Cast: Tom Cruise (Actor), Morgan Freeman (Actor), Joseph Kosinski (Director)
Genre: Science Fiction
Watched: May 16, 2013
Summary: Tried really hard and mostly worked
I try to see most, if not all, Science Fiction and fantasy films. The buzz around Oblivion slanted it as cerebral, more character and less action oriented. All good by me. I crave Science Fiction films that can live up to good science fiction prose. I demand Blade Runner and Aliens. Last year, I had to be satisfied with Prometheus, which tried, and failed.
Oblivion is pretty good. It tries and mostly succeeds Although not without a serious set of logical flaws, but I enjoyed it far more than I expected. It’s not as good as Minority Report (to make a Cruisian point), but it isn’t far off.
I’m not going to summarize and I’m going to spoil. This is criticism and analysis, not a buying guide. Let’s breakdown a few things:
Visually, this is a lovely film. The combination of haunting Icelandic landscape and a judicious take on post-apocalyptic is haunting and atmospheric. We have vast empty spaces. Slurries of silt and muck have swamped cities. Nothing is left. Then the few bits of new tech like the drones and fusion reactors stand out with awesome clarity and scale.
It’s also worth noting that while this is an expensive CGI heavy film (Box Office Mojo says $120 million) the graphics are slickly and deftly integrated. It feels like a film shot on location and entirely in front of the green screen. The reality? Who knows, probably a lot of green screen, but it feels spacious and open.
The audio scape is first rate. This director likes sound, and it works. Tron Legacy (his previous and only other big screen directorial effort) was one of the best sounding films of the last decade with its brilliant Daft Punk soundtrack (an amazing album as well as score) and Oblivion has a fantastic electronica score as well. The bassy (Inception horn-esque) sound of the drone siren was also awesome.
Tom is fine. I’m not one of his haters. This is a solid role in the Cruise model and he carries it. There aren’t a lot of characters in this movie, but his partner Victoria is well cast. My favorite Lannister, Nikolaj Coster-Waldau, plays a minor character. He’s good too, but underutilized. I didn’t love Morgan Freeman in his role, even though he’s a fantastic actor. It just felt overdone and a bit too Morgan Freeman. The second woman, the brunette, is forgettable.
The plot is ambitious. We have an entire new world and a fairly tricky psychological setup. It worked. Pretty well too.
The directorial style is excellent. Moody, bold, and almost always clear.
Now we come to the science fiction. Spoilers abound as I try to make sense of the why of Oblivion!
How do we get from 2013 and a canceled shuttle program to 2017 and a slick Titan moon expedition with suspended animation cells capable of lasting for 60 years? Why didn’t the writers just set the “first encounter” in 2050 or something?
When the Odyssey is being sucked into the TET by tractor beam (can we say Falcon and Deathstar?) why is it that the crew module, when ejected back toward earth by Cruise, can escape said tractor beam?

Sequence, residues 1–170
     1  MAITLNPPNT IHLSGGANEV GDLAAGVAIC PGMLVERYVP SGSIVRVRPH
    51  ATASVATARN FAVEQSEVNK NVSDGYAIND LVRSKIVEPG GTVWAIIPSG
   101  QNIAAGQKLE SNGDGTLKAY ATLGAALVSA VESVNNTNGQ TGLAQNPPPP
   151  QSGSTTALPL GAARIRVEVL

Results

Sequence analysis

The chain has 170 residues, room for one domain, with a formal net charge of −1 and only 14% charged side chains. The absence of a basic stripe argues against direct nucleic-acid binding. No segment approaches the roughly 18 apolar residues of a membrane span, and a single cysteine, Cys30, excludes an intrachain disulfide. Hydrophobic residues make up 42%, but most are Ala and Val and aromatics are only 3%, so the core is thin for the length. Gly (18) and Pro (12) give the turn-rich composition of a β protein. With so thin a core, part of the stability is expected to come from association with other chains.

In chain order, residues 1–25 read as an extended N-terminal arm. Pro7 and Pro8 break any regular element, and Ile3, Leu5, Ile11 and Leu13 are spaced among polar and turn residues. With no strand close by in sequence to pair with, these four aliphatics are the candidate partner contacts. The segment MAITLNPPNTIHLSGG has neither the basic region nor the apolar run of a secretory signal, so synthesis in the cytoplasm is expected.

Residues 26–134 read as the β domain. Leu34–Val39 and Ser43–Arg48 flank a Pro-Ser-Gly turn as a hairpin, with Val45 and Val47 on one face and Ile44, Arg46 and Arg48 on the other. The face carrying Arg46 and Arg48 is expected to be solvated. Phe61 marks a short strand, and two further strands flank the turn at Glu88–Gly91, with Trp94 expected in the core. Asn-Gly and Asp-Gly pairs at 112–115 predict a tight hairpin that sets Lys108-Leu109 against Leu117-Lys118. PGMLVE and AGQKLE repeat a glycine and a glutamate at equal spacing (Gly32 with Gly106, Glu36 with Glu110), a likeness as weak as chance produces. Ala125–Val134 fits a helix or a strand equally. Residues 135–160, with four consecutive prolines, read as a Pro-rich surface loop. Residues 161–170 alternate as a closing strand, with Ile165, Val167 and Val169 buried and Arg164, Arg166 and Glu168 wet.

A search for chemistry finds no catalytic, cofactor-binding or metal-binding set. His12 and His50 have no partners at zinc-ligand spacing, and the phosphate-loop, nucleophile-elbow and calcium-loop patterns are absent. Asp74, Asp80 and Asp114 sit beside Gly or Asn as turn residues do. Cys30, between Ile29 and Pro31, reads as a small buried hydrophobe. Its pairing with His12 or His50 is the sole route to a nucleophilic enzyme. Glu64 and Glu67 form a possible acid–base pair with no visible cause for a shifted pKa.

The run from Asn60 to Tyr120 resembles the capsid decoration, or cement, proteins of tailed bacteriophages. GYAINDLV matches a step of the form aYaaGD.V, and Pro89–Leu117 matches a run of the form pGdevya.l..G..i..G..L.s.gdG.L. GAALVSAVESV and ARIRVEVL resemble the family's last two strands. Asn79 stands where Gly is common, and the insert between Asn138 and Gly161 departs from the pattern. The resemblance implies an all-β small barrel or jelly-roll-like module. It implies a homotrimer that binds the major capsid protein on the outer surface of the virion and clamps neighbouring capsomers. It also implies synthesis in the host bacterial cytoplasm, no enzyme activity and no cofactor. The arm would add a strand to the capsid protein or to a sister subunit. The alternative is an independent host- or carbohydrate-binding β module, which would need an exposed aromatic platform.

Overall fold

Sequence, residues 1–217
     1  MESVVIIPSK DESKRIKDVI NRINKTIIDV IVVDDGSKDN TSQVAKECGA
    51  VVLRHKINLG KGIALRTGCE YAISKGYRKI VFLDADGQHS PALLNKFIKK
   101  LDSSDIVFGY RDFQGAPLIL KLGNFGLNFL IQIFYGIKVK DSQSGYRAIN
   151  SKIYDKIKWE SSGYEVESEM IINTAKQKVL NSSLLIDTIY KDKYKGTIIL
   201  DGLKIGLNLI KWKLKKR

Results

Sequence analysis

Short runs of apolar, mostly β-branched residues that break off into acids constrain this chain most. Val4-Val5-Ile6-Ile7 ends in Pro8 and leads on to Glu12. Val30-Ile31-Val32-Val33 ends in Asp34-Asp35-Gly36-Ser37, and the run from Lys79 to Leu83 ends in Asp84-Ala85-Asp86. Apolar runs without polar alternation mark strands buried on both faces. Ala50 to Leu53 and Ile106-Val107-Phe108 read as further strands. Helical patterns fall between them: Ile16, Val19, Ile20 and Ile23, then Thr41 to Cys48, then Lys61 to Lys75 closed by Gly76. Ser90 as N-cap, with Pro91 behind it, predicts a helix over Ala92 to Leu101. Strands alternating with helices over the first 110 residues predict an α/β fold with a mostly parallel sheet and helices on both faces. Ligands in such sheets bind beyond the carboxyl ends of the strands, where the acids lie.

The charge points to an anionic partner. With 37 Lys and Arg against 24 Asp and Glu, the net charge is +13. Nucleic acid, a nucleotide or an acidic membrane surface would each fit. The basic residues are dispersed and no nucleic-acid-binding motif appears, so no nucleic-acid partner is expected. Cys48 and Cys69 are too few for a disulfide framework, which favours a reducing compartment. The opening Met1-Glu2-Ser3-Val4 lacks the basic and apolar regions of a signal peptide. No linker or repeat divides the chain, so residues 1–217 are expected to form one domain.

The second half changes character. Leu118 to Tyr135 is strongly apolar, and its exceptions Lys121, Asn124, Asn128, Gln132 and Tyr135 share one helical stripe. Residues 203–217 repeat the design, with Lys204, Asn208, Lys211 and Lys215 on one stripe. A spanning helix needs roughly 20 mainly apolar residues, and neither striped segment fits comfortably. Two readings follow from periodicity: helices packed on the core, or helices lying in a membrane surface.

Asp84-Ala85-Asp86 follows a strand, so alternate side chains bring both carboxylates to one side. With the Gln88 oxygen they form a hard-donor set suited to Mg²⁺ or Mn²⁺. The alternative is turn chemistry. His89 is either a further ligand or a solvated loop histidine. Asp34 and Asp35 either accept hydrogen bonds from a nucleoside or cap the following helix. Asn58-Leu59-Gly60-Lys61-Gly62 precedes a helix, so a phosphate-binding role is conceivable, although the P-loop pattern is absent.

Why is the TET so often “offline” and out of communication? I know it’s supposed to be blocked by the earth but any tech capable of AI drones, clones, and Cruise’s flying ship could throw up a couple of comm satellites to bounce the signal around.
Why does Cruise land his flying ship and go for a bike ride? Seems kinda dangerous and pointless, unless the point is showing him biking past the rotting hulks of ruined warships (which was kinda cool).
Why, does a super advanced alien mega-mind with it’s own giant spaceship resort to entirely indirect methods in conquering the earth? Although, again I must admit that the shattered moon looked kinda cool. But would a half exploded moon just hang up there?
Why would it employ an army of human clones? And only two models? Why not drones to begin with?
If you did “grow” a whole army of clones, why would each have a part copy of the original memories? Clones are just genetic twins. Memory is not on the duplication slate. Why have some separate “brain sync” machine/process if you didn’t want the memories anyway?
If it could build those drones, why so few?
Why resort to the whole “drone maintenance guy” thing? It doesn’t really make much sense.
Even if — and this is a tremendously big if — the 2017 Odyssey crew cryo-sleep module was still in orbit, how did the Scavs know how to send it a little jury rigged signal to cause it to return to earth?
How did each Vicky never notice how much time each Jack (Cruise) spent off grid building his man cave?
Why didn’t the Scavs locate their drone in a separate spot away form all the women and children and bring Harper there?
Why do Scavs dress like Sand People in Star Wars? Oh yes, cloaking tech.
Does vinyl really last 70 years? And if so, how come Harper, presumably born in the 70s, is such a classic rock fan? And how did he power his man cave?
Did Harper 52 just dump Vicky 52 in his 3 year search for “the girl”?
If you are a super smart alien “mega-mind” why do you let a guy carrying a nuclear bomb into your brain chamber? And if your sensors can detect an extra body on the way in, why can’t they sniff out a little Plutonium? It is only a RADIOACTIVE HEAVY ELEMENT!
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